[argyllcms] Re: Accounting for dot gain in press simulation

  • From: Graeme Gill <graeme@xxxxxxxxxxxxx>
  • To: argyllcms@xxxxxxxxxxxxx
  • Date: Thu, 24 Feb 2011 18:23:41 +1100

Craig Ringer wrote:
I've recently been doing some more work using Argyll to produce better
profiles of the HP colour laser printer the newspaper I work for uses.
I've been using my i1Pro. The goal is to be able to use it for press
simulation, so we can soft-proof difficult images instead of just
sending them to the press and crossing our fingers. Unfortunately, I'm
running into issues that appear to be related to dot gain, and I'm not
sure where to go from here.

        it's certainly possible to do good laser printer proof
profile using Argyll, as we proved many times with the Colorbus
CLC1150 newspaper proofing systems.

The very short version: Can ICC profiles account for dot gain? If so,
can Argyll help create a profile that does?

Yes, ICC profiles account for the characteristics of the device.

The new profiles for the laser printer seem to be pretty good, at least
in terms of how well prints correspond to on-display previews in
Photoshop in absolute colorimetric proofing mode. Printing and measuring
another target, then using that as `profcheck' input, reports DeltaE of
2 on average, peak 5, min 1, so the profile for the laser doesn't seem
to be too far out. I'm delighted, as it's *massively* better than the
manufacturer-supplied profiles.

Sounds pretty good for a laser printer. The side to side page variation
and environmental sensitivity can be an issue. The control over
fine tints can be a challenge too, as it affects paper color simulation.

The trouble is arising when I try to produce soft proofs of the web
offset press using the colour laser printer. Most colours in the proofs

Soft proof ? I thought Soft Proof meant a display based proof.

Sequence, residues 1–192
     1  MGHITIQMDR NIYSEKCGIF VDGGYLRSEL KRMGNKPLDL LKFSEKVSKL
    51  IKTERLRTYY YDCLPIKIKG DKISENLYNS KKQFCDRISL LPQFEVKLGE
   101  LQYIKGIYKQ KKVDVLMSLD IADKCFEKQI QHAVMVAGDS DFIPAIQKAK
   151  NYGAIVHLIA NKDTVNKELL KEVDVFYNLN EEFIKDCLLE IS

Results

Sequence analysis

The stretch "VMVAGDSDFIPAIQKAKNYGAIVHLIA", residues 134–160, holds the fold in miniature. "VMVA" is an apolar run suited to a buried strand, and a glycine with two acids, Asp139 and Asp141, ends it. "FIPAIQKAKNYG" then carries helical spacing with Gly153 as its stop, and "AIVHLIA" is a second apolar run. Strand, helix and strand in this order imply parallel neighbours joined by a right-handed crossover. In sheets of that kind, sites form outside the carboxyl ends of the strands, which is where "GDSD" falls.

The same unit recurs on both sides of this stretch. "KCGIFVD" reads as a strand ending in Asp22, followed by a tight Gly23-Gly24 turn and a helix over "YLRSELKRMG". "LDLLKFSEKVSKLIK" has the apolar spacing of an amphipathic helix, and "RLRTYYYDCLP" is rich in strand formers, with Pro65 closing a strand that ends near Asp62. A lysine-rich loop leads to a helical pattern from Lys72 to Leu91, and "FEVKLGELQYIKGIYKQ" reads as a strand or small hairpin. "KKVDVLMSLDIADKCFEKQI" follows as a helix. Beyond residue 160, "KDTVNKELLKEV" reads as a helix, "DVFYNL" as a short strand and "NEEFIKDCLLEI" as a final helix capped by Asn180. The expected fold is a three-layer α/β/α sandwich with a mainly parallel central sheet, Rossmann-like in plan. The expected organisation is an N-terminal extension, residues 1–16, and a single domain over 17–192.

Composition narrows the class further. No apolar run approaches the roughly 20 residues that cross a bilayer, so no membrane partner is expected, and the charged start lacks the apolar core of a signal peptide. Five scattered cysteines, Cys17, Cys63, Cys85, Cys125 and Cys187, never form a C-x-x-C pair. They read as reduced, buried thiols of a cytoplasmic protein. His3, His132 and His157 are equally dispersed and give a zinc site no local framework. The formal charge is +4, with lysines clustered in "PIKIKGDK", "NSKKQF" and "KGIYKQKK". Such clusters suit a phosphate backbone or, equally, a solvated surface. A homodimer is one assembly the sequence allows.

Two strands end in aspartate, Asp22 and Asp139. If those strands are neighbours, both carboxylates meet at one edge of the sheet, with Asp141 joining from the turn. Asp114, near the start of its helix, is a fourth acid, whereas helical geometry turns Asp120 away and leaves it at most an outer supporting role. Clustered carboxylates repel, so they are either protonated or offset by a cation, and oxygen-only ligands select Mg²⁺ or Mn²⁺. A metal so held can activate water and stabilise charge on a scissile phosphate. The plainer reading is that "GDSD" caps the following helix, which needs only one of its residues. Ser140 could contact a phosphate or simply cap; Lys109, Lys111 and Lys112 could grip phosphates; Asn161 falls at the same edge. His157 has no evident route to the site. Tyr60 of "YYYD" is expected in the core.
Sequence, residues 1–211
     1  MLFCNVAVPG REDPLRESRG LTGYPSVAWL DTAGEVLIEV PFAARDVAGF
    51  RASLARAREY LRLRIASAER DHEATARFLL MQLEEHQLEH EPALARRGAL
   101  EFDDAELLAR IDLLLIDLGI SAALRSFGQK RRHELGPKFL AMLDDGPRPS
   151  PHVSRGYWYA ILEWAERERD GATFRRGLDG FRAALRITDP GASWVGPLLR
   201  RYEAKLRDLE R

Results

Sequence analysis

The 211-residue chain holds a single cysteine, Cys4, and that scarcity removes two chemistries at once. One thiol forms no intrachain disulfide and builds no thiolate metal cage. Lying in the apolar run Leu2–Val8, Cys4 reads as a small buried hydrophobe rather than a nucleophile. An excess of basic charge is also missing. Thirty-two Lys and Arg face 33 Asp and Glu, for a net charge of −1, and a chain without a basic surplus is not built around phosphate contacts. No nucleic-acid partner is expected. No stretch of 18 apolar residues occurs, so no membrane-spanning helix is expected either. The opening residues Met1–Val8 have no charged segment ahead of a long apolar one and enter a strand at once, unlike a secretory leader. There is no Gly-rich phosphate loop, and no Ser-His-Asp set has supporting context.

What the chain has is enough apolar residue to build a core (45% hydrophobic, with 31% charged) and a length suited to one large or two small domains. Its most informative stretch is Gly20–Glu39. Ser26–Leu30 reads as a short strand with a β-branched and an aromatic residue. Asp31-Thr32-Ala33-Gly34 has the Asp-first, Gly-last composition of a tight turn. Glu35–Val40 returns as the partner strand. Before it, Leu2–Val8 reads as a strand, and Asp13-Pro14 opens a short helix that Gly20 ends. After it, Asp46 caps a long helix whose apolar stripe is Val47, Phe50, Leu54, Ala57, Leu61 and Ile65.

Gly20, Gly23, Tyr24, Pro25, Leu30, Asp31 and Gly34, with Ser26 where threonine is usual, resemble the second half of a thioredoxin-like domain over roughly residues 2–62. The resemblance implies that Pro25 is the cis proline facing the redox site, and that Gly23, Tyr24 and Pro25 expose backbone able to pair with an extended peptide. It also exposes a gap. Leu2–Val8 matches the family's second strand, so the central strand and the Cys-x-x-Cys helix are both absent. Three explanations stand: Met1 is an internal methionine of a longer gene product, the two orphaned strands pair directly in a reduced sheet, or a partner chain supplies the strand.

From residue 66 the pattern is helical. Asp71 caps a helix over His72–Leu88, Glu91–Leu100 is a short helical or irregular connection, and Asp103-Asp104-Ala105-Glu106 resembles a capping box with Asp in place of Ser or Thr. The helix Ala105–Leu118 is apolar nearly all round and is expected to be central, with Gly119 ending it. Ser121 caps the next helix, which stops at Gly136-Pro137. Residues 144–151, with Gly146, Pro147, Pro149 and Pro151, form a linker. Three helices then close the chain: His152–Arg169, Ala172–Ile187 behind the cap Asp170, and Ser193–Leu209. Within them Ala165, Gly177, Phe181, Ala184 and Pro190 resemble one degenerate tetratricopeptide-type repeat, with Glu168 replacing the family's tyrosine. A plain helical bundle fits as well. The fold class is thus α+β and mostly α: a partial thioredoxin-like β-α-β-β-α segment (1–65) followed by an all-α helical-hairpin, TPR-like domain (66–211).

I would tend to call a laser printer print a "Hard copy proof".

are a reasonable match, both with and without paper colour simulation,
but certain areas are printing WAY less saturated in the proof than in
the final press output. This is most notable in blue skies, where the
proof shows a fairly pale blue that's a reasonable match for the
on-screen preview, and the press produces a much richer, more saturated
blue. I see the same results - and the same issues with those results -
when using `tifficc' (lcms) and Photoshop's proof mode. I can't use
Argyll's own tiff conversion tool because it doesn't appear to support
any device simulation mode.

I'm not sure what you mean by that. The way to do a proof is to take
the Press CMYK (contone separation) and feed it into a link
made between the press profile and the laser printer profile.
Typically this would be an absolute colorimetric link for
background simulation.

Of course if your image setter isn't capable of a contone output
file, and is doing something funky like adding press curves that are
not applied to the contone output file, then this won't work so well.
The only sure fire way of coping with this is to take the image setter